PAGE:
P. Trituberculatus
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P. Trituberculatus

Portunus trituberculatus
Portunus trituberculatus.jpg
Scientific classification
P. trituberculatus
Binomial name
Portunus trituberculatus
(Miers, 1876)
Synonyms [1]

Neptunus trituberculatus Miers, 1876

Portunus trituberculatus, the gazami crab, Japanese blue crab or horse crab, is the most widely fished species of crab in the world. It is found off the coasts of East Asia and is closely related to Portunus pelagicus.


P. trituberculatus is the world's most heavily fished crab species, with over 300,000 tonnes being caught annually, 98% of it off the coast of China.[2] This is because it is considered highly nutritious, especially in regard to crab cream (roe).[3]


P. trituberculatus is found off the coasts of Japan, Korea, China, Pakistan and Taiwan.[4]


The carapace may reach 15 centimetres (5.9 in) wide, and 7 cm (2.8 in) from front to back. P. trituberculatus may be distinguished from the closely related (and also widely fished) P. pelagicus by the number of broad teeth on the front of the carapace (3 in P. trituberculatus, 4 in P. pelagicus) and on the inner margin of the merus (4 in P. trituberculatus, 3 in P. pelagicus).[2]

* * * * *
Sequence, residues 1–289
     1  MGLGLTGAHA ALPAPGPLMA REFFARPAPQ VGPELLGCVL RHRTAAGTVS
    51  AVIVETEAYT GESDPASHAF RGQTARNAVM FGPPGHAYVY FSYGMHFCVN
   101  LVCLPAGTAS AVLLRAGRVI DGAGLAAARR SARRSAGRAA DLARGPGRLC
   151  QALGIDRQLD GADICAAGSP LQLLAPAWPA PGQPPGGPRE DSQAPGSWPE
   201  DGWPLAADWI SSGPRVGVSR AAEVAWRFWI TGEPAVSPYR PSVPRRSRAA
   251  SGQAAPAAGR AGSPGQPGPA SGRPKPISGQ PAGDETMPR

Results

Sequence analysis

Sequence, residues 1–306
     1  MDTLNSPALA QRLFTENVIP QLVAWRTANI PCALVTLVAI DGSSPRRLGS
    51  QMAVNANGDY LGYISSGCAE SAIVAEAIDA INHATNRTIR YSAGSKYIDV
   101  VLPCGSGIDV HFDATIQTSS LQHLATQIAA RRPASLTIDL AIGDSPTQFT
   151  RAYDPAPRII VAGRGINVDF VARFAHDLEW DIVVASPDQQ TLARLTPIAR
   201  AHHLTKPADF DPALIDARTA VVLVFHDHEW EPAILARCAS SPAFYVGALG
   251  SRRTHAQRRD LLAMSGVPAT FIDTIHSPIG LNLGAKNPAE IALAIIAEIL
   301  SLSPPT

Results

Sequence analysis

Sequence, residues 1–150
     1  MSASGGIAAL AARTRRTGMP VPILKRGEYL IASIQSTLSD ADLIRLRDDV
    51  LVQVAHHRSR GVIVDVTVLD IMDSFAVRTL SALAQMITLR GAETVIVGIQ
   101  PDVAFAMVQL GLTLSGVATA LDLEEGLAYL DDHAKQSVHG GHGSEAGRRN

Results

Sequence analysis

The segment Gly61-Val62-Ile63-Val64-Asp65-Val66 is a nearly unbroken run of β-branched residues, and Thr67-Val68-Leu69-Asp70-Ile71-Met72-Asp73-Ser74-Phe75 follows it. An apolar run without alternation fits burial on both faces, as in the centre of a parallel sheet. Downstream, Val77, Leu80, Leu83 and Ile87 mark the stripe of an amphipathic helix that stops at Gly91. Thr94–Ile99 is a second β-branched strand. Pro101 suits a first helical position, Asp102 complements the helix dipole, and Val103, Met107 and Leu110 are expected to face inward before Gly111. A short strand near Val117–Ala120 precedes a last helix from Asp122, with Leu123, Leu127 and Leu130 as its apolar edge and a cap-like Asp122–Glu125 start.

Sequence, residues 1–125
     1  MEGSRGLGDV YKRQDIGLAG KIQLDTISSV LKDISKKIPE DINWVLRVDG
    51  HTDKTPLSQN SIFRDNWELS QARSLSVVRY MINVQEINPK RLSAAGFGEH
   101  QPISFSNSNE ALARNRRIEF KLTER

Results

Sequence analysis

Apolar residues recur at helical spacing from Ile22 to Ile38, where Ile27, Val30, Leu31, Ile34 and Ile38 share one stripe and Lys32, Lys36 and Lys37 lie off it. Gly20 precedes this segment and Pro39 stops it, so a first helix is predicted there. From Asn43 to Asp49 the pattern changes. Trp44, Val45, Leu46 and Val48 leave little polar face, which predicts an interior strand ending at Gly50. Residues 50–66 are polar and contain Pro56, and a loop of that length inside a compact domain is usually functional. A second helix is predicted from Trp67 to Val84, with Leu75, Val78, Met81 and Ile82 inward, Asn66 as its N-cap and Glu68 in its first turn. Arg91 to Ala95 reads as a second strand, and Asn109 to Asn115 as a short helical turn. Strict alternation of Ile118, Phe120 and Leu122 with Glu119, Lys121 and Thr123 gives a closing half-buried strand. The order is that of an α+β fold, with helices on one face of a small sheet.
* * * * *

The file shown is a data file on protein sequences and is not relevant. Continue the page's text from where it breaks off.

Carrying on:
P. trituberculatus was first described by Edward J. Miers in 1876, under the name Neptunus trituberculatus.[1] To better understand the species development, evolution and reproduction a reference genome has been sequenced, assembling to 1.0 Gb in size and anchoring to 50 chromosomes.[5] And demonstrating it diverged from the Chinese mitten crab around 183.5 million years ago.


  1. ^ a b Peter Davie (2010). "Portunus (Portunus) trituberculatus (Miers, 1876)". World Register of Marine Species. Retrieved 2011.
  2. ^ a b "FAO fisheries global information system". Retrieved 2006.
  3. ^ Xiu-rong, Su; Tai-wu, Li; Ming-jin, Ding; Chien, Paul K. (1997-06-01). "Evalution on nutritive value ofPortunus trituberculatus". Chinese Journal of Oceanology and Limnology. 15 (2): 168-172. doi:10.1007/BF02850688. ISSN 1993-5005.
  4. ^ "Portunus trituberculatus". Crabs of Japan. Marine Species Identification Portal. Retrieved 2011.
  5. ^ Tang, Boping; Zhang, Daizhen; Li, Haorong; Jiang, Senhao; Zhang, Huabin; Xuan, Fujun; Ge, Baoming; Wang, Zhengfei; Liu, Yu; Sha, Zhongli; Cheng, Yongxu (2020-01-01). "Chromosome-level genome assembly reveals the unique genome evolution of the swimming crab (Portunus trituberculatus)". GigaScience. 9 (1). doi:10.1093/gigascience/giz161. PMC 6944217. PMID 31904811.

  This article uses material from the Wikipedia page available here. It is released under the Creative Commons Attribution-Share-Alike License 3.0.



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